Adding some spice to life
Even the Bible says it. Jesus urged his followers to be like salt; to spice up the world with new ideas. He didn’t tell them to keep their heads down and do whatever their “betters” amongst the Romans and the Pharisees told them. You don’t start a new religion by fitting in. Today’s religious leaders are nearly all arch-conservatives, so we forget what radical non-conformists people like the Buddha, Jesus, and Mohammed were during their lives. Jesus wasn’t put to death for doing what the leaders of the society of his day approved of, was he?
Those who benefit most from the status quo are naturally the least interested in change, and they find allies in the fearful and the authoritarian. In the quotation at the head of this article, Rollo May suggests conformity is due to lack of courage. He certainly had a point. Many people suppress their ideas, hopes, and dreams because they’re afraid to stand out and draw attention to themselves. Conformity always includes a threat of punishment if you fail to fit in, whether it comes from ridicule, being shunned by others, or direct attack. Those who seek conformity have never been afraid to back up their wishes with force.
Conformity implies a fundamental mistrust of others
I believe there’s a more fundamental power behind the urgency with which authoritarian conservatives seek to suppress individuality. That power is lack of trust. Wise leaders and outstanding thinkers are alike in two things: they’re usually non-conformists on an epic scale—and they display a deep trust in the basic goodness, intelligence, and capacity for development of their fellow human beings.
In stark contrast, the most determined proponents of conformity have always been dictatorships. Under a dictatorship, any kind of variation from prescribed ways of thinking or acting is punished. Eccentrics of all kinds are weeded out. Nothing is permissible save blind adherence to the dictator’s edicts.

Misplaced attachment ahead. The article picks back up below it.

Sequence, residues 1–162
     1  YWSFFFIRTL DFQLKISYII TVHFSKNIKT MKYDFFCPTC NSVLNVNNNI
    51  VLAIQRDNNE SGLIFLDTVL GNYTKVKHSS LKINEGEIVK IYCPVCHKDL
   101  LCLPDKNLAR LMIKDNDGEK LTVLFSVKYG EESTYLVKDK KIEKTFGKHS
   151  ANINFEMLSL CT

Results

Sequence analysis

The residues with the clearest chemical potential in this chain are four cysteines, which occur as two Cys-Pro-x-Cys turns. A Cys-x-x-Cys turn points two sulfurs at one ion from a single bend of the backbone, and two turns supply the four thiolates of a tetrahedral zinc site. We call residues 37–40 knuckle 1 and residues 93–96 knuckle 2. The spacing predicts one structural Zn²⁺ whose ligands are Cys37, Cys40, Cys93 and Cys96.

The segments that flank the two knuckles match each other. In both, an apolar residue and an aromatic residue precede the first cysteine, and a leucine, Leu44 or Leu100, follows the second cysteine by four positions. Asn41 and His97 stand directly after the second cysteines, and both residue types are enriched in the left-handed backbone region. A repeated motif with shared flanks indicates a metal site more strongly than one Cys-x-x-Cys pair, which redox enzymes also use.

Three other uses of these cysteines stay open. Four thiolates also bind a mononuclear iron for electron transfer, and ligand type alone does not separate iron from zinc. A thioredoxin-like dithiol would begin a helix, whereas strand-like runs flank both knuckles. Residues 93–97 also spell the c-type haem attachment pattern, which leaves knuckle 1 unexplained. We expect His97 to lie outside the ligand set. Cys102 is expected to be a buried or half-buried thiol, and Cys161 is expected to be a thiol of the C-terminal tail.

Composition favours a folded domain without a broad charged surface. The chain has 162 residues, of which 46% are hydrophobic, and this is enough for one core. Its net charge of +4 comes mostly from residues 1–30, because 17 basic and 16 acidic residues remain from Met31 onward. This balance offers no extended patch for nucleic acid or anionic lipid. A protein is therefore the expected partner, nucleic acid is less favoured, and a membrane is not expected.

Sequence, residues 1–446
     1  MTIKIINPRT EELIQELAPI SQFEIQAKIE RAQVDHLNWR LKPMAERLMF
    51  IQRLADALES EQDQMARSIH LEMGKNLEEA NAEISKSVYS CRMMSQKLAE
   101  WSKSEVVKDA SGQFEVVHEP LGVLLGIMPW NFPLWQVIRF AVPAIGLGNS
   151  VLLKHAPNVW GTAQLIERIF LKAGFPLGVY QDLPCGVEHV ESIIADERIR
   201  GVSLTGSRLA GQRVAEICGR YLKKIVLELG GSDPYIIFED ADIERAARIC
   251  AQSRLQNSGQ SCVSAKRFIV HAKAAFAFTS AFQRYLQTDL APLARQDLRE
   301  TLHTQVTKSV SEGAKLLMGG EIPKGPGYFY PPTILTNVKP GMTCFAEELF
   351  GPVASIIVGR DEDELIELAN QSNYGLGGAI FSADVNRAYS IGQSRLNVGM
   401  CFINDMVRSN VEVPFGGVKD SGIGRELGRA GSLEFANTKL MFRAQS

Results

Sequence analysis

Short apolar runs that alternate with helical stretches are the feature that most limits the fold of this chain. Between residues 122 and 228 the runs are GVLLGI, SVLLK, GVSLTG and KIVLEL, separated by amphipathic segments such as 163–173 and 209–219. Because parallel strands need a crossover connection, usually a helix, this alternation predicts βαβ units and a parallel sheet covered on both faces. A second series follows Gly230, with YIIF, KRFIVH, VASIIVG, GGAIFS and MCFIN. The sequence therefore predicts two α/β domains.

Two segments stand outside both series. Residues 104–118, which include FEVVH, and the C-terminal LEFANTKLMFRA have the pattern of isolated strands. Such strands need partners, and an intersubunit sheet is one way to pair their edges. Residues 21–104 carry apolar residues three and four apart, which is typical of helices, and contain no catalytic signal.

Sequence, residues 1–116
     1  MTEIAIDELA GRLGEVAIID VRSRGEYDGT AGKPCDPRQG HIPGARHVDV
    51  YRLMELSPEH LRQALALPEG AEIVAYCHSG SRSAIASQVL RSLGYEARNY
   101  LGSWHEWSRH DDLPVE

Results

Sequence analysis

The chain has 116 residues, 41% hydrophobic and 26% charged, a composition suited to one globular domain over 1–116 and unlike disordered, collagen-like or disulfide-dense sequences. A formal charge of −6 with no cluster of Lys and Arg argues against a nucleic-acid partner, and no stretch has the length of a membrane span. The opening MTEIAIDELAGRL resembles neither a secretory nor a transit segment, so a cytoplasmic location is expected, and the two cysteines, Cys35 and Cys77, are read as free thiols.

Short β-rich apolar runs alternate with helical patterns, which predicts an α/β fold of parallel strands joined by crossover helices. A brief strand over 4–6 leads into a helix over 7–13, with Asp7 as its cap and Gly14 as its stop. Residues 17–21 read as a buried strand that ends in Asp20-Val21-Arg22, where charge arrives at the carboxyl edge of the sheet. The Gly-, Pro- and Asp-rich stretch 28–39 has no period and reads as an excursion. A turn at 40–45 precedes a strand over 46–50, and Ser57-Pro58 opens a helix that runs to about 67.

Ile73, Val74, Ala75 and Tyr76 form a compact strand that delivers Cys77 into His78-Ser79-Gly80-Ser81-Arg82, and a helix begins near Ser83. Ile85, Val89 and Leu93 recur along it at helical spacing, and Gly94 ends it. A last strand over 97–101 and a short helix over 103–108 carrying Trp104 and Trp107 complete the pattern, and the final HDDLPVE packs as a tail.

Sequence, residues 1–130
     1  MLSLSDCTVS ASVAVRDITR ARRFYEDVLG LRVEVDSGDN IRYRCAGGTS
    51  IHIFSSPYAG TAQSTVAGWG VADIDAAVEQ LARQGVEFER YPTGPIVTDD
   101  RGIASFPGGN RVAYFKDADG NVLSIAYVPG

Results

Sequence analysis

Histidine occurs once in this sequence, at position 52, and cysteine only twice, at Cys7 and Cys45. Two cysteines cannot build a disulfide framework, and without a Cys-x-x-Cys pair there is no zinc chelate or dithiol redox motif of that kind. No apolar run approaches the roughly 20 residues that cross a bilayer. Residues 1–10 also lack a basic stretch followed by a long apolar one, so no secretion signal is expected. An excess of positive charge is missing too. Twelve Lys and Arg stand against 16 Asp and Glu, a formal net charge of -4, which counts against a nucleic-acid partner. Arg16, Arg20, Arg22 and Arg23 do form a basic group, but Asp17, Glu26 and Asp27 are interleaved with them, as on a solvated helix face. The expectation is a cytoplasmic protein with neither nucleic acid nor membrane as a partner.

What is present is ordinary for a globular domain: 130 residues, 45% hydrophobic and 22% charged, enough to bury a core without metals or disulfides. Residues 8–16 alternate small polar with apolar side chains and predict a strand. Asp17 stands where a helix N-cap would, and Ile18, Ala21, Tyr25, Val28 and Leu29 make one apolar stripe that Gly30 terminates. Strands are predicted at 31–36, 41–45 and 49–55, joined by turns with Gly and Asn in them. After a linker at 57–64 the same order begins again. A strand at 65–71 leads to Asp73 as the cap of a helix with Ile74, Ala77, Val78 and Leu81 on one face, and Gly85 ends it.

Conservative thinkers often suggest too much freedom will lead to anarchy and the collapse of all standards. Since they cannot trust others to behave reasonably, they always want more rules. Yet a dictatorship is exactly what you get when the ideas and standards of one group are enforced everywhere by the rule of law. Whether it’s a nation or a business, a dictatorship suppresses creativity, individuality, and freedom in the cause of “preventing license.”
If you can’t trust yourself, why should others trust you?
Being who and what you are is the most natural thing there is. To suppress it, whether through fear, yielding to social pressure, or lack of confidence always leads to trouble. That’s why millions of people today lead lives of frustration and desperation. They denied who they are in the hope that the powers that be would reward them. Their reward was mediocrity, depression and a nagging sense that life like that is scarcely worth living.
There may be a cost. Some people, even some friends, will disapprove of you as you truly are and will let you know it. There will be setbacks along the way. Yet the price for being yourself can never be as great as the price you will pay for stepping aside from your basic nature: a price paid in frustration, dissatisfaction, and the hopeless realization of all that you might have been, but now can never attain. The English poet A.E. Housman, a closet homosexual who lived a life of outward conformity and lonely respectability, expressed something of the idea like this:
Into my heart an air that kills
From yon far country blows:
What are those blue remembered hills,
What spires, what farms are those?
That is the land of lost content,